ATHENS, Ga. — Georgia's offensive linemen are enjoying the best of both worlds.
They're off to a good start, and missed blocks aren't always noticed thanks to the tailback trio of Nick Chubb, Sony Michel and Keith Marshall.
"We have the best tailbacks in the nation, and they definitely help us," junior center Brandon Kublanow said this week. "I think we've done a great job as an O-line, but the backs definitely make us look better."
The Bulldogs led the Southeastern Conference last season by averaging 257.8 rushing yards per game and 6.0 per carry. They essentially have matched that through double-digit victories over Louisiana-Monroe, Vanderbilt and South Carolina, averaging 256.7 per game and 6.6 per rush.
Georgia's line had its most complete performance in last Saturday's 52-20 crushing of the Gamecocks, helping the backs rush for 246 yards (6.5 per carry). It also kept quarterback Greyson Lambert comfortable in the pocket.
Lambert completed 24 of 25 passes for 330 yards and three touchdowns, setting an NCAA single-game accuracy record at 96.0 percent.
"I thought we had a good week of practice and were prepared for them," Kublanow said. "Then we just went out and did what we needed to do. We had a pretty good idea of what we were going to do to them."
Lambert was never sacked by the Gamecocks, and he was touched just twice.
Georgia's line was expected to be a team strength under first-year position coach Rob Sale, given the return of four starters. The group had relatively slow starts against ULM and Vanderbilt, though the Bulldogs wound up amassing more than 420 yards in both of those games.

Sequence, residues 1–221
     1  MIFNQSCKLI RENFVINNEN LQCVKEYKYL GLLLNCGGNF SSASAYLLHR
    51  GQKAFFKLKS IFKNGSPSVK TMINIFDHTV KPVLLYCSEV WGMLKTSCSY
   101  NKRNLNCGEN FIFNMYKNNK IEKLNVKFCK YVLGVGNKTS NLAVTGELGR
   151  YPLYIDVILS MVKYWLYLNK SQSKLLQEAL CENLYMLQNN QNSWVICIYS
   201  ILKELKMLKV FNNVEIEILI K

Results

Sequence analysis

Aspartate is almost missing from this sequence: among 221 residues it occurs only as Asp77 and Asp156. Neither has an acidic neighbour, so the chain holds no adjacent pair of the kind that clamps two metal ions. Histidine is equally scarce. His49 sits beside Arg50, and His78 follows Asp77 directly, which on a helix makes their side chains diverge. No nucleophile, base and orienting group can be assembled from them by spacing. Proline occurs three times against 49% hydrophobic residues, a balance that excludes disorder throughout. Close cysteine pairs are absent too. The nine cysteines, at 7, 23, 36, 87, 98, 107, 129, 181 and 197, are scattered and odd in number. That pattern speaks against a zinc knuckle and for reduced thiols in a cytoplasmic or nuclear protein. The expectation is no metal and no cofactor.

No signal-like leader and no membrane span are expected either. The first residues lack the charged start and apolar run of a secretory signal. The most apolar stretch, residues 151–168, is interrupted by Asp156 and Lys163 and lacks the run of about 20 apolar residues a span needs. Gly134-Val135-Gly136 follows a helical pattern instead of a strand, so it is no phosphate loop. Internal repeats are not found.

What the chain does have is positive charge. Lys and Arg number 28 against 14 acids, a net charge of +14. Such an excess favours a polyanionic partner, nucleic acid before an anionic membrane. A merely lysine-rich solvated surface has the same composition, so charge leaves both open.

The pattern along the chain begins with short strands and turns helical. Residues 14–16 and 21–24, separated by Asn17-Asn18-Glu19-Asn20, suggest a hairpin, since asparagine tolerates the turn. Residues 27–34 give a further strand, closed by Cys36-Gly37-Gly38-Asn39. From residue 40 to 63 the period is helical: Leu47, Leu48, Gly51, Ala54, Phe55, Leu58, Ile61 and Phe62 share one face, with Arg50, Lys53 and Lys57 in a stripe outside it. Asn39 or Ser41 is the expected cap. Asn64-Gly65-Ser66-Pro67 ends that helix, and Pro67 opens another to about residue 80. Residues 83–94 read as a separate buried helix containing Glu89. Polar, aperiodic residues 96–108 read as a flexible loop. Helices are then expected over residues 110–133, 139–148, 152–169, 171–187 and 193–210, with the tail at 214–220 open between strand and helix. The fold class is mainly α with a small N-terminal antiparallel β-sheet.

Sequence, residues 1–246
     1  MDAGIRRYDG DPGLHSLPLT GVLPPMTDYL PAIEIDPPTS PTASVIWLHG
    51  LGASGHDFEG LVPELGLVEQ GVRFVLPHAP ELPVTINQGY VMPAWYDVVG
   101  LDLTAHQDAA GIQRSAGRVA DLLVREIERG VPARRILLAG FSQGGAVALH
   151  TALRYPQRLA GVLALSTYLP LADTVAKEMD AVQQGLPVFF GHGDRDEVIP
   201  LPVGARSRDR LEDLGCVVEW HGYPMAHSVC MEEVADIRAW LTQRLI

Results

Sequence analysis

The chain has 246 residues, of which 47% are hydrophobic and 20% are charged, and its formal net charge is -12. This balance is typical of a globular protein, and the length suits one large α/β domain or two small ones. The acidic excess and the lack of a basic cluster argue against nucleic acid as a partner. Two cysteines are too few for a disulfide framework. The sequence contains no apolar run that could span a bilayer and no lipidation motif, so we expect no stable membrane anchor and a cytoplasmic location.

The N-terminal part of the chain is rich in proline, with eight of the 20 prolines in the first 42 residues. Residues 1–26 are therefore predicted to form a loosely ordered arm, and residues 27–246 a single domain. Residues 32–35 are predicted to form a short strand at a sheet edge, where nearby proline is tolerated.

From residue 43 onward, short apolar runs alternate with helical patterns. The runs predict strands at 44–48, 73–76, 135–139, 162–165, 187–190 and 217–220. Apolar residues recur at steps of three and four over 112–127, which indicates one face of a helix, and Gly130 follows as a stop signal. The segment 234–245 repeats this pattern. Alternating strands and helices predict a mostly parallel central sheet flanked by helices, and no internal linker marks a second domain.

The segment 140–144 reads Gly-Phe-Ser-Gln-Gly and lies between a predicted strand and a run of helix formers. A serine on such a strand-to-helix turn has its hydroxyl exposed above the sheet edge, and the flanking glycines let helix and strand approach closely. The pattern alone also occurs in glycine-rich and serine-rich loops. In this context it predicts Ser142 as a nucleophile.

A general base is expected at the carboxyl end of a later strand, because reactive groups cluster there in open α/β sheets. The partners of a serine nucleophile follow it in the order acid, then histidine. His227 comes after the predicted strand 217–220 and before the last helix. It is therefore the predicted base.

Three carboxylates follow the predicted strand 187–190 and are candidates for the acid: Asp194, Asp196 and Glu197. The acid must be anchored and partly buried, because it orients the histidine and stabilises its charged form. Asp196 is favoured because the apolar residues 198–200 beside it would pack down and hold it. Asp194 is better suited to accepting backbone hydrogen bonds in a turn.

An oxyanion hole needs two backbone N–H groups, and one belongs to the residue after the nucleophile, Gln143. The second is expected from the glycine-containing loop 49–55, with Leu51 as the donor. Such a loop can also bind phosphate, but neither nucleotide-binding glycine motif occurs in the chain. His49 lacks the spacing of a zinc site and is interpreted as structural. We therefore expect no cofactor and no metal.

"Our line is doing a very good job," head coach Mark Richt said. "I know pass protection, especially this past week, was really outstanding. It's one thing to not get sacks, but it's another thing to really provide a big pocket.
"Greyson had a lot of space, and his vision was pretty clear as far as not having guys squeezing the pocket on him and things of that nature."
Chubb has 468 yards on 56 carries this season, averaging a staggering 8.4 yards. Michel is averaging 5.7 and Marshall 5.4 behind blockers who aren't always polishing off their defenders.
"It's definitely encouraging to know that it's not all on you," sophomore tight end Jeb Blazevich said. "Obviously you don't want to start thinking that you don't always have to do the best you can, because that's when things don't start going well, but our backs definitely can make me look better. Those guys are some war horses."
Said Richt: "There are always plays where the backs will take off and go for 60 or something, and they'll look around like, 'Hey man, did you get your guy? I didn't get my guy.' Those backs can make them look good at times, but there are a lot of times where are our linemen make our backs look good."
Georgia's linemen are expected to feast again Saturday when the No. 7 Bulldogs host Southern University (2-1), an FCS team. Their truest test yet will occur next week, when Alabama and the likes of defensive linemen Jonathan Allen, Jarran Reed and A'Shawn Robinson invade Sanford Stadium.
"I feel like we've done a pretty good job, but we can always do better," Kublanow said. "I think we're on track to where we need to be."
Contact David Paschall at firstname.lastname@example.org or 423-757-6524.